When walking through the streets of Toronto, Canada, you can’t help but notice the unique characteristics of each neighborhood. From the East End’s Beaches and Studio District producing Hollywood blockbusters like X-Men, to the beautiful High Park in Bloor West Village, you’ll discover many different neighborhoods, each sporting its own distinct flare. Toronto is our hometown. We love all the different neighborhoods scattered throughout the city that each offer something unique. For the first-time visitor to Toronto, these are our recommendations of which neighborhoods you should visit.
In the heart of uptown at Bay and Bloor, Yorkville is Toronto’s most stylish district. It is the place to stargaze, people-watch, and shop for designer clothes or fashionable jewelry. During the Toronto International Film Festival, it’s not uncommon to see celebrities having a meal at one of the many fine restaurants in the area. Taking an afternoon to peek into its designer boutiques, luxury hotels, and galleries will give you a taste of decadence but with a Canadian vibe that never makes you feel out of place. One of our favorite patios is at Hemmingway’s rooftop. It’s the perfect spot for a cool drink on a hot day in a relaxed atmosphere that feels completely removed from the trendy street scene outside.
Kensington Market, Toronto
Heading to the opposite end of the shopping spectrum, no visit to Toronto would be complete without a stop at Kensington Market. Filled with vintage clothing stores and cheap eats, it is in Kensington Market where you’ll see some of Toronto’s most flamboyant and colorful people. Unique street art lines the lawns of Augusta and Belleview Avenues as mannequins dressed in secondhand clothes show off bohemian fashions and off-the-wall digs. A walk through the market on a Saturday morning will offer you photo opportunities galore as people park their vintage cars and motorbikes on the street while they shop for fresh fruits and vegetables, in addition to cheese from one of the most well-regarded cheese shops in all of Toronto.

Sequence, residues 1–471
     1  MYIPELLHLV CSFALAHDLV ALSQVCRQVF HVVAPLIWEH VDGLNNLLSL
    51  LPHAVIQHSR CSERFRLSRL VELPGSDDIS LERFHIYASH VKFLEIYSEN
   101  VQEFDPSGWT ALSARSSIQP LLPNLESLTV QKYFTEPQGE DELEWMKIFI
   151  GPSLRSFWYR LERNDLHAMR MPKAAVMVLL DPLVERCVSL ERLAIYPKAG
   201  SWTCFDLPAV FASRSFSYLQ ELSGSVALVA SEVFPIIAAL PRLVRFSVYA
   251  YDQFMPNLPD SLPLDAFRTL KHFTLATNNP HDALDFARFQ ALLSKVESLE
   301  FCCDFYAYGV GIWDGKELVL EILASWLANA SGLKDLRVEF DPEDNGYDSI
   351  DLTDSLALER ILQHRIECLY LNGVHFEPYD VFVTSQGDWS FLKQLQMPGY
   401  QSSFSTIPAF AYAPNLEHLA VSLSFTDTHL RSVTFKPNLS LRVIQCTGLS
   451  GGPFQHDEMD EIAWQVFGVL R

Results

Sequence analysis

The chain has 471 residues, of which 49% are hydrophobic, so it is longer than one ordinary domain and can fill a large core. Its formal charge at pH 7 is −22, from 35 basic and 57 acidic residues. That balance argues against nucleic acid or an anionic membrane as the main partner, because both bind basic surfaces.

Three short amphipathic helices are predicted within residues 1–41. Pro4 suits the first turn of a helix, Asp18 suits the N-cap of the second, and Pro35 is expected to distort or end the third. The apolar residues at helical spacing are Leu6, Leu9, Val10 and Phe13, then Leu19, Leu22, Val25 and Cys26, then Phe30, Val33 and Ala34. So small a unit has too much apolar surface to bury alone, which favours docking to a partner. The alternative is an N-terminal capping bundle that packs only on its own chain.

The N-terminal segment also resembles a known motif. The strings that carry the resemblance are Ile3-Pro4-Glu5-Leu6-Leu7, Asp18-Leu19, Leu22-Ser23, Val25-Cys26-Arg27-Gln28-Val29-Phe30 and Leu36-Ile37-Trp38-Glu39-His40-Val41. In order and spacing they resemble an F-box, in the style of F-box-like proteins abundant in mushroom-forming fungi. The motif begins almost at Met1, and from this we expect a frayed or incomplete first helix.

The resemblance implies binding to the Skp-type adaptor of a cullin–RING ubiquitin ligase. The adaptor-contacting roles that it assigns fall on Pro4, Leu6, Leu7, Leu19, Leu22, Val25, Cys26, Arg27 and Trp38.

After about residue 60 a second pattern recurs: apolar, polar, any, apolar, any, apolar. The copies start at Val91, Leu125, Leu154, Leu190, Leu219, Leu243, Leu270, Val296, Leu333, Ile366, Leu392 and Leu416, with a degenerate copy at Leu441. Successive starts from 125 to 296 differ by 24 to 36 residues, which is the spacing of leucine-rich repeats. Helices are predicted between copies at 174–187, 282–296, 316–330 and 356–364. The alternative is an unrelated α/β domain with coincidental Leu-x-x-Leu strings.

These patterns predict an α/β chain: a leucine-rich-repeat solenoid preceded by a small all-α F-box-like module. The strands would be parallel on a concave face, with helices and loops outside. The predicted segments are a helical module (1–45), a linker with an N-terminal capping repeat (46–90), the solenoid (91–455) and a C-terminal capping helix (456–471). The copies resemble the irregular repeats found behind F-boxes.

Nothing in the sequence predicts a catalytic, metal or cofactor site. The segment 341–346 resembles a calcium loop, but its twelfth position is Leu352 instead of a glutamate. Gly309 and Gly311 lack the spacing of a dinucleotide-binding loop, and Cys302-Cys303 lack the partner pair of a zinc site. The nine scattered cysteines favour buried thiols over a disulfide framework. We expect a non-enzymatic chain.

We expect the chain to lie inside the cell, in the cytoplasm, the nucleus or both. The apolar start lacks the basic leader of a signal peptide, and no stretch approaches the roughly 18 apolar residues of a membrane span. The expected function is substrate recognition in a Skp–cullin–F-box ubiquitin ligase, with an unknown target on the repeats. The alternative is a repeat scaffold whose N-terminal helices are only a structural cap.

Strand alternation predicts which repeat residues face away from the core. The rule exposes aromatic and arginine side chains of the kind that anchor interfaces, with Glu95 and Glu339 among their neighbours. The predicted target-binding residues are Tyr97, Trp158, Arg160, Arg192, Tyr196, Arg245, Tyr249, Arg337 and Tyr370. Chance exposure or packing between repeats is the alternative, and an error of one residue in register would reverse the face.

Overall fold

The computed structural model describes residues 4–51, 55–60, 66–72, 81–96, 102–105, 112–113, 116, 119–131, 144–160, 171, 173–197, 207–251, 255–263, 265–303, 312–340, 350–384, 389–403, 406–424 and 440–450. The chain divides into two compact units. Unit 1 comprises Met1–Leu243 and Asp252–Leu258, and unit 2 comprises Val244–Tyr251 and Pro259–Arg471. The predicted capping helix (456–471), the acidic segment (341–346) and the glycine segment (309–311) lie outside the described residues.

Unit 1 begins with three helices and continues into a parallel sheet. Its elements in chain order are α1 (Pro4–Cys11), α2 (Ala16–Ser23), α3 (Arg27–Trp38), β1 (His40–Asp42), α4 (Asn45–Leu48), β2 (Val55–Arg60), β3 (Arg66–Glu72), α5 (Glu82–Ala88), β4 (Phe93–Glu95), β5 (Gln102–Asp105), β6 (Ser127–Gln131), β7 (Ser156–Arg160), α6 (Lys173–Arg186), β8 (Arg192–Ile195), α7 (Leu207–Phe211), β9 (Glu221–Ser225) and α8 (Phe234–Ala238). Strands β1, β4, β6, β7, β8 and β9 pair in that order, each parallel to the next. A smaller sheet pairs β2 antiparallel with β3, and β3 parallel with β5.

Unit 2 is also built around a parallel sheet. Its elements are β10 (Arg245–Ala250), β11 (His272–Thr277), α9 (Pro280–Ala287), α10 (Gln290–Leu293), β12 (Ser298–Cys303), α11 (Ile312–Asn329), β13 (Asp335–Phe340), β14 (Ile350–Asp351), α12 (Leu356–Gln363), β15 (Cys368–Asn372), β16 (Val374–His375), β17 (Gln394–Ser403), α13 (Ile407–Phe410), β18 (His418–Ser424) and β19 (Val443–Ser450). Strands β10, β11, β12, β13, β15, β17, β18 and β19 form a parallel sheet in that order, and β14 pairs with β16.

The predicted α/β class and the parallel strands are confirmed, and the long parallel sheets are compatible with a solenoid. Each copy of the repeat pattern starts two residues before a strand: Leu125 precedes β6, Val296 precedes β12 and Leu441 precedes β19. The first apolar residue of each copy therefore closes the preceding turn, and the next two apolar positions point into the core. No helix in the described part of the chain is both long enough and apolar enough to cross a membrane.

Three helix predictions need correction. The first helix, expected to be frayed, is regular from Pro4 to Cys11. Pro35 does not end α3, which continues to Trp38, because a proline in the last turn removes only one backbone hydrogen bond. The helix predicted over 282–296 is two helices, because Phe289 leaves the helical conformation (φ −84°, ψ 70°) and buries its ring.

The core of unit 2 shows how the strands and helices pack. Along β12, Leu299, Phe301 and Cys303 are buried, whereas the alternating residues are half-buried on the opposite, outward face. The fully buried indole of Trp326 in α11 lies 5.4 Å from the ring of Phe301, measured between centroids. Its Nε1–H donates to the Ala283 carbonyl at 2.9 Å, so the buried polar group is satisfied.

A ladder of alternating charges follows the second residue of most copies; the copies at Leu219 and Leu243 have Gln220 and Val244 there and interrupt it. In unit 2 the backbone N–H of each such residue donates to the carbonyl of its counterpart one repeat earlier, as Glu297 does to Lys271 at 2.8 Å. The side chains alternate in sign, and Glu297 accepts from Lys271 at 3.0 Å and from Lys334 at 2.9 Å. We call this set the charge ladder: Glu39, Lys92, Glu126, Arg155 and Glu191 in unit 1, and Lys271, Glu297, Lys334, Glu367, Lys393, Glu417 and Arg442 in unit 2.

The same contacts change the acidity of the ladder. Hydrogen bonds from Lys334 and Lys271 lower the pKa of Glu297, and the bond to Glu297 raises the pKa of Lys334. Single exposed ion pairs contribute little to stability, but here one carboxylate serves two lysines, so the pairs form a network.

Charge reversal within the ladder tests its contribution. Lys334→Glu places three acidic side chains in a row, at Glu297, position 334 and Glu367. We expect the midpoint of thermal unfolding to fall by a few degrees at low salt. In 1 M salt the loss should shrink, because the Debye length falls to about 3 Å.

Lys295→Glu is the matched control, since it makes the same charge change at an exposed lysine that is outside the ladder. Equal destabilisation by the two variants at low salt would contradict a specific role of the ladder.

Kensington Market just so happens to be in the heart of Chinatown and it’s only a short walk to this little slice of Asia. Spanning along the famous Spadina Avenue, exotic fruits and vegetables are sold at street stands, while Chinese goods can be bought at the many shops that line the street. Don’t be afraid to venture into one of the fish markets to view live lobsters and fish waiting for patrons. Chinatown just so happens to be a late-night haunt for locals to munch on their favorite dish after a night of bar hopping in the Entertainment District.
Speaking of Toronto’s club district, all the hottest nightclubs can be found in the Entertainment District, which is just a short walk south from Chinatown. If you’re not into drinking and dancing, no worries, the Entertainment District will keep you busy. It is filled with live theatres showing the latest Broadway productions and movie theatre multiplexes featuring the latest blockbusters. It’s here that you’ll find year-round sports stadiums housing the Toronto Blue Jays, Toronto Raptors, and Canadian favorite, the Toronto Maple Leafs. Food choices include fine dining, street food, pubs, and bistros.
Viewfinder Tip: Pack a picnic and catch the ferry to Toronto Island.
Heading down from here will take you to the waters of Lake Ontario to the district of Harbourfront. Take in the energetic atmosphere of Queens Quay and stroll along the waterfront before catching a ferry to Toronto Island for a picnic. If you’re daring, you can try out Toronto’s nude beach, a secluded area on the island, or you can simply rent a bike to explore Centre Island. Dave and I had one of our first dates on Toronto Island. I packed my first picnic lunch ever and we threw frisbee on the grass in between sipping wine and eating cheese and pâté.
If picnics aren’t your style, but cafés and local artisans are, then the Distillery District is for you. This neighborhood has transformed over the years. Once it was a popular spot to shoot movies in abandoned warehouses, while it’s now filled with luxury lofts and condos, independent artists, brewpubs, and chocolate makers set up in beautifully preserved and restored historic buildings. During the summer months you’ll often find outdoor exhibits and performances going on.
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